NFL athletes team up with rugby pros to teach safe tackling – Collegiate Rugby Championship
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New England Patriots player Nate Ebner is taking a leave of absence to train for USA Sevens Rugby & the Olympic games. His Collegiate Rugby Championship highlights are insane! #BEAST

Posted by USA Sevens Rugby on Tuesday, March 15, 2016
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By: Cutler Klein

While the best players in collegiate rugby took the field inside PPL Park on Sunday, the fields adjacent to the stadium played host to the Rhino Safe Tackling Clinic, an innovative clinic that taught football and rugby players of all ages how to tackle properly and safely. Hundreds of kids from all levels of football and rugby, as well as many coaches, turned out for an hour and a half of learning and fun.

Dave Hodges, the director of the clinic, said that the clinic was designed to bring tackling principles from rugby to football, a sport that has been subject to recent controversy over head injuries due to rough tackling.

“Football and rugby are very connected by their origins,” he said. “In football these days, tackling has become controversial. People inside football are saying ‘our sport has become dangerous.’ The idea of this clinic is to emphasize rugby tackling principles to allow players to tackle more effectively and safely.”

Tackling in football recently has been marked by concussions and other devastating injuries due to the fact that players do not tackle properly. They lead with their head, instead of with their shoulders. Rugby tackling incorporates much more of the shoulder into the tackle, as there are no helmets to protect players. If applied to the game of football, rugby tackling principles, like the ones taught during this clinic, could reduce head injuries and make football safer for all players involved.

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Young athletes listen to instruction from former NFL players and US National Team rugby players.

It wasn’t just the kids that learned proper tackling techniques. Former NFL stars turned out for the clinic to teach, and also to learn. Ike Reese, former linebacker for the Philadelphia Eagles, said that rugby tackling principles fit nicely with the needs of today’s NFL. 

“Today’s football game is so much different than the game I played,” he said. “Rugby tackling technique is perfect for today’s football players. I think if we learned those techniques at a younger age, like a lot of these kids are getting the chance to do, that would certainly cut down on head injuries and concussions.”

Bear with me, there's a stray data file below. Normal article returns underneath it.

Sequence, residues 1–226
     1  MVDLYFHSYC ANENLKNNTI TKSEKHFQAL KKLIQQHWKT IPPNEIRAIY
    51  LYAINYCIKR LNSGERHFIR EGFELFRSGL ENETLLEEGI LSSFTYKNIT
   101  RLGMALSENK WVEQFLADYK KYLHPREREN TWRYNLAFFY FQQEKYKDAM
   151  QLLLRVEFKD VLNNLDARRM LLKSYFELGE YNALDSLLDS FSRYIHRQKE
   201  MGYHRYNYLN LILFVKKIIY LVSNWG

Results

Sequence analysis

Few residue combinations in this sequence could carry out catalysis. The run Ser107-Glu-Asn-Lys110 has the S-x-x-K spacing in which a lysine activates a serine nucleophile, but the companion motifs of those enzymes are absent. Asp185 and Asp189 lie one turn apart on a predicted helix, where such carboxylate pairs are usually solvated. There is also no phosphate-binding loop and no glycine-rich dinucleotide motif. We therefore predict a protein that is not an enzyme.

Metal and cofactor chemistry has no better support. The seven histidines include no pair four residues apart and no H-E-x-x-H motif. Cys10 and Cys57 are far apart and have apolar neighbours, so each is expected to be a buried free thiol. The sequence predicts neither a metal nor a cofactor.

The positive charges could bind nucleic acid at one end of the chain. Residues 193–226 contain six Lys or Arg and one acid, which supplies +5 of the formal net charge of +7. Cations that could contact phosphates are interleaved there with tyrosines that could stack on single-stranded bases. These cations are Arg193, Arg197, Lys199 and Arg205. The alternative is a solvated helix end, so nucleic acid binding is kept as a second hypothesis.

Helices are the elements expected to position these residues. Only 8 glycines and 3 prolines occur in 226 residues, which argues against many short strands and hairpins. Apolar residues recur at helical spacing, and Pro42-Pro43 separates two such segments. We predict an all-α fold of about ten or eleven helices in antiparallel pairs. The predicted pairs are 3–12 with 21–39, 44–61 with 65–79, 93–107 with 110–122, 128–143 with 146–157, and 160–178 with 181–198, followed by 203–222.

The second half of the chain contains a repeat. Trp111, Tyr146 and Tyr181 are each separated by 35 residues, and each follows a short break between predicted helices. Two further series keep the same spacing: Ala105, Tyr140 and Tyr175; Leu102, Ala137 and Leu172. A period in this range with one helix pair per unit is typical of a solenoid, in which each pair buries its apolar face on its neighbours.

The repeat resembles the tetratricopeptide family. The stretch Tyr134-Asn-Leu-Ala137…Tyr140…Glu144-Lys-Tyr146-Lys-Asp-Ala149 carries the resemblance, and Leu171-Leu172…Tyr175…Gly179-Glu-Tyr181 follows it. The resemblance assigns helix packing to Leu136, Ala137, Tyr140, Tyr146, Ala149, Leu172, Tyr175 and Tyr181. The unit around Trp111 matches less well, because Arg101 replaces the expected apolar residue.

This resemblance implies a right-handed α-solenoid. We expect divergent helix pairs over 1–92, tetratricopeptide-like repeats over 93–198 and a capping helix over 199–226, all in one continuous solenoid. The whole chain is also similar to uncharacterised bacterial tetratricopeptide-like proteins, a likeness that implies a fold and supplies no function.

Other notable guests included former Eagle Hollis Thomas, New England Patriots player and former rugby player Nate Ebner, and former NFL player and current NFL director of football development Matt Birk, who attended not just to exchange ideas on behalf of the league, but to educate himself.

“I work for the NFL, but I’m here because I want to be here,” he said. “I want to learn about it. Obviously, there’s things we can learn, like the areas where rugby and football are alike. I know they’re not the same, but they’re a lot alike. I’m a fan of the game, and just wanted to learn it.” 

Ebner and the other guests weren’t just observing; they were participating. They ran drills with the kids, and showed them how tackling is done safely. Ebner said that despite the different situations in each sport, tackling principles can be shared between them.

“Obviously, the tackle area can be a bit different,” he said. “But, I think the way that rugby players go into tackles, at least one-on-one, can be transferred over to make football safer.”

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New England Patriot and former CRC star, Nate Ebner, demonstrates proper technique.

It was a family affair as well. Birk brought along his daughters, while some coaches brought their own children to see the clinic. After a few photos with the celebrities, it was down to business. Each guest shared their own tackling experience with the group, before the kids broke down into groups and began tackling drills.

The clinic also attracted non-sports guests. Former Pennsylvania governor Ed Rendell was in attendance, and spoke to the group before the clinic started. He also watched the drills and got to see the future of football and rugby firsthand.

John Schaffer, coach of the Liberty High School Hurricanes, said that his players are influenced by some of the dangerous, head-first NFL hits, and brought his players there to learn how to tackle without getting injured.

“The kids watch the NFL games and see the stars that they like launching and using elbows, so they emulate that,” he said. “We are trying to weed that out, and so is the NFL. That’s why we came down here. Rugby seems to have less concussions than football. These techniques will help the boys be healthier and safer playing the game.”

All of the former NFL players agreed that teaching kids to tackle properly at a young age is crucial to their development as football players. Specifically, Ebner said, “I see younger players tackling with their heads. It’s scary, and I don’t like to see something like that. I think that there’s plenty we can do on our end to teach them the safer, and more effective way to tackle. It will make careers a lot longer.”

For the kids and coaches in attendance, the day was capped off with free tickets to the Championship matches inside PPL Park. The clinic began a partnership between rugby and football that can help both games grow and be safer. Birk said that the two sports can complement each other.

“We should exchange ideas, and have an open relationship,” he said. “I think that we can both make each other better. At the youth level, we just want kids having the safest experience possible, in any sport they play.”

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